Introduction of Vinyasana Yoga-
The first defining feature of Vinyasa Yoga is the use of transitional or flowing asanas. Each set of asanas in Vinyasana has a specific vinyasa sequence to lead into the next. This refers to each of the eight main sets of sand, as they are all a series of poses that progress from one to the next without ever being completed. In addition, there are five primary variations of each of these sets of asana that each have different benefits and poses that work differently to strengthen different areas of your body.
In most forms of Vinyasana, you first stand with both feet on the floor with both heels touching the floor. The upper body must be supported with your hands while you are still standing. Your elbows should not be crossed at this point as this will cause you to slump over, which will make it difficult for you to complete the pose.
Once you have established a solid base, you will then move your hips outwards so that your lower back is straight and your shoulders are at a 90 degree angle. Your hands should be placed on the floor just before you begin your asana and both feet should be firmly on the floor. Now your arms should be stretched out and be held at your sides with your palms facing down. You will now want to pull the navel in towards your spine and continue to pull it upwards as your abdominal muscles begin to relax. The goal of this pose is to draw your diaphragm inward, and then exhale as you bend forward.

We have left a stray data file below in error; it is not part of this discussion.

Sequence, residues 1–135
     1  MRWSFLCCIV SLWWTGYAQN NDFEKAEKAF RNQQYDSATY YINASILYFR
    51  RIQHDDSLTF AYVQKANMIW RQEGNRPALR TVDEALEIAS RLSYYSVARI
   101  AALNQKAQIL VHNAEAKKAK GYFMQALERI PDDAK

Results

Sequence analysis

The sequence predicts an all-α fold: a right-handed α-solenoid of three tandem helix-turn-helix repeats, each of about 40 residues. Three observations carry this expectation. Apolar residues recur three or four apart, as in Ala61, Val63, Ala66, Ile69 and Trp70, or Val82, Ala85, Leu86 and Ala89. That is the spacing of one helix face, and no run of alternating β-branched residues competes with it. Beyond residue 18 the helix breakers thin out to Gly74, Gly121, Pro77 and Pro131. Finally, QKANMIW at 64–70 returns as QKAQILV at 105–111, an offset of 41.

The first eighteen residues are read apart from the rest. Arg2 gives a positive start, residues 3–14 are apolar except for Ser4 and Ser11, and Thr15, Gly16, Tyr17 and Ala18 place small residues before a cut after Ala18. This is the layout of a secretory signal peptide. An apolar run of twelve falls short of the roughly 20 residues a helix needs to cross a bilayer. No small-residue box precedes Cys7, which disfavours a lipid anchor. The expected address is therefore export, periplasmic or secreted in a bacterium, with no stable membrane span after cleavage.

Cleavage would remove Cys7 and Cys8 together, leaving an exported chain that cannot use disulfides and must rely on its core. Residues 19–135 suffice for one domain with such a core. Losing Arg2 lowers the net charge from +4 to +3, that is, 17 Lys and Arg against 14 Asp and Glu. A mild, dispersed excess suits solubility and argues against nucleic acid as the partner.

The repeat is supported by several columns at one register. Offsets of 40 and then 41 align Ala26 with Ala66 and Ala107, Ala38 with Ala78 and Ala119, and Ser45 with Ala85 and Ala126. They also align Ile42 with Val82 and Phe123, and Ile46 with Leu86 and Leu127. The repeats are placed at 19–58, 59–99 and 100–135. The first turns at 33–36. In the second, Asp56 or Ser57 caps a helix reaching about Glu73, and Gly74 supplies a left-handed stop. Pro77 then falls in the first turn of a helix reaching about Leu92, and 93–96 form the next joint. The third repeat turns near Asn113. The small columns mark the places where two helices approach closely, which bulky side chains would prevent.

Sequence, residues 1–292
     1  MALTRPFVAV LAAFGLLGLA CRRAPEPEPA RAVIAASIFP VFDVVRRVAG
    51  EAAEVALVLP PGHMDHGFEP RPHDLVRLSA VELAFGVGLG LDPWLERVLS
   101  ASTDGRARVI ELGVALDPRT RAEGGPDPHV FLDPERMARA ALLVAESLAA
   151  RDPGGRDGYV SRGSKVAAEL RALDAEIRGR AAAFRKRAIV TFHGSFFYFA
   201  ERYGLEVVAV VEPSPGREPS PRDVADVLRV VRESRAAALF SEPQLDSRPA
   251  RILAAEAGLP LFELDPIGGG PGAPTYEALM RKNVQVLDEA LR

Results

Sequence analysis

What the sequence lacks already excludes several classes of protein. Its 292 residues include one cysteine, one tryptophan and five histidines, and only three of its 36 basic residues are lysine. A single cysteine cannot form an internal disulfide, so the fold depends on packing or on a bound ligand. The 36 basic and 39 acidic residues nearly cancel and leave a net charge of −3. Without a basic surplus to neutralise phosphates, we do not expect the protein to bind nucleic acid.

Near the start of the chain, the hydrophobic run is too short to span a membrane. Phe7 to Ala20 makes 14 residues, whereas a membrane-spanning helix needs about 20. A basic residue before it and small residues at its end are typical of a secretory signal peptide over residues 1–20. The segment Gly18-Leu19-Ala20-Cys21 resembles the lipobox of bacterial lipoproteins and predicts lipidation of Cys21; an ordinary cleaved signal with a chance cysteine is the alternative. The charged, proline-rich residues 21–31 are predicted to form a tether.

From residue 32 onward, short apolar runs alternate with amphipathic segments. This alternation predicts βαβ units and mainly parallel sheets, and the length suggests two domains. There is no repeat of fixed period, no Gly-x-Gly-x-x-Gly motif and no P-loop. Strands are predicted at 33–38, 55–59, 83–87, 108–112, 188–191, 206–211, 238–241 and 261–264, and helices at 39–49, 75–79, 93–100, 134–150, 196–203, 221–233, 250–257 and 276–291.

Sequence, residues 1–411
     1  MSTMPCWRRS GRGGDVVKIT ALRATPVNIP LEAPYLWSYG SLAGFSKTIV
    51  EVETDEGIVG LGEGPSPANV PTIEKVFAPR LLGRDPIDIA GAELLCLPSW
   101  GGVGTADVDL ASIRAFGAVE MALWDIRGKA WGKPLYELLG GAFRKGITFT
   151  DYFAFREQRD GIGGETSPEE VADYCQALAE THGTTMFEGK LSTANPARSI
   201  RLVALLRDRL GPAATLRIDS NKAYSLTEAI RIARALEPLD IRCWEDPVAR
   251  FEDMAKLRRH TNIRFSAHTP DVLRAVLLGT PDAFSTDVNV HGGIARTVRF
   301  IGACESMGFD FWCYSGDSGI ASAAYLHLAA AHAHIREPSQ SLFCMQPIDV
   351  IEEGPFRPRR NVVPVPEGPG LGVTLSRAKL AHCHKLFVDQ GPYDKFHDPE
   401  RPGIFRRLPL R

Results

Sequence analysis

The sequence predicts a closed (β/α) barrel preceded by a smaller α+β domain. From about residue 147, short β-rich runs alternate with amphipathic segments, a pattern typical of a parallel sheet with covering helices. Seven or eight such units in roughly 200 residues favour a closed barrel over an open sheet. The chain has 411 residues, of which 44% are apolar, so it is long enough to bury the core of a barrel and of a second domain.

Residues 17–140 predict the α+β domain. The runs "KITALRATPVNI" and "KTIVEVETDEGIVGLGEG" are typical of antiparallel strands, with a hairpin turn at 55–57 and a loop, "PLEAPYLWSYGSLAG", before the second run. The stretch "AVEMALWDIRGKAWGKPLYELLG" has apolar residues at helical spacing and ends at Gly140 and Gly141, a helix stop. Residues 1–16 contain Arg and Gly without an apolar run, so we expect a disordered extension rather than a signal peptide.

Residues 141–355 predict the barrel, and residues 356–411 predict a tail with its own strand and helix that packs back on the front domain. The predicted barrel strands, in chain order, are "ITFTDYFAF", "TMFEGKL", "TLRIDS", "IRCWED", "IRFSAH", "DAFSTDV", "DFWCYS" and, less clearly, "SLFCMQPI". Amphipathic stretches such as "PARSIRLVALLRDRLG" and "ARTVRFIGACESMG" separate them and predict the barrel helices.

As you repeat the same steps in Vinyasana, you will notice that the diaphragm will move into a forward position, pushing the lower chest forward. You will then feel as if the breath is going into your stomach and you will feel a sense of buoyancy in your lower abdomen as you continue the exercise. It is important not to allow your shoulders to drop when you inhale, but to maintain a constant upward pressure on the diaphragm while pulling your navel inward.
After you have completed the vinyasana position, you will be able to begin an upward movement in the pose by inhaling and exhaling while bending forward so that your left knee is resting on top of your toes. As you inhale, your abdominal muscles will contract and your ribs will be pulled back to create a more pronounced curve in your spine. You will now want to bring your pelvis into contact with the floor so that your back is straight, and you are now holding your legs in front of you with your left foot on the ground.
As you repeat these movements, you will begin to feel a difference in how you are sitting and walking. If you are already familiar with the poses, you may even notice that your posture is beginning to improve. As you become more flexible, however, your knees will begin to arch as your buttocks will begin to form a smaller curve in the back. As you continue to practice the poses, you will be able to change your body’s positioning with the use of your breath and you will be able to perform them as many times as you want without the need to change your shoes.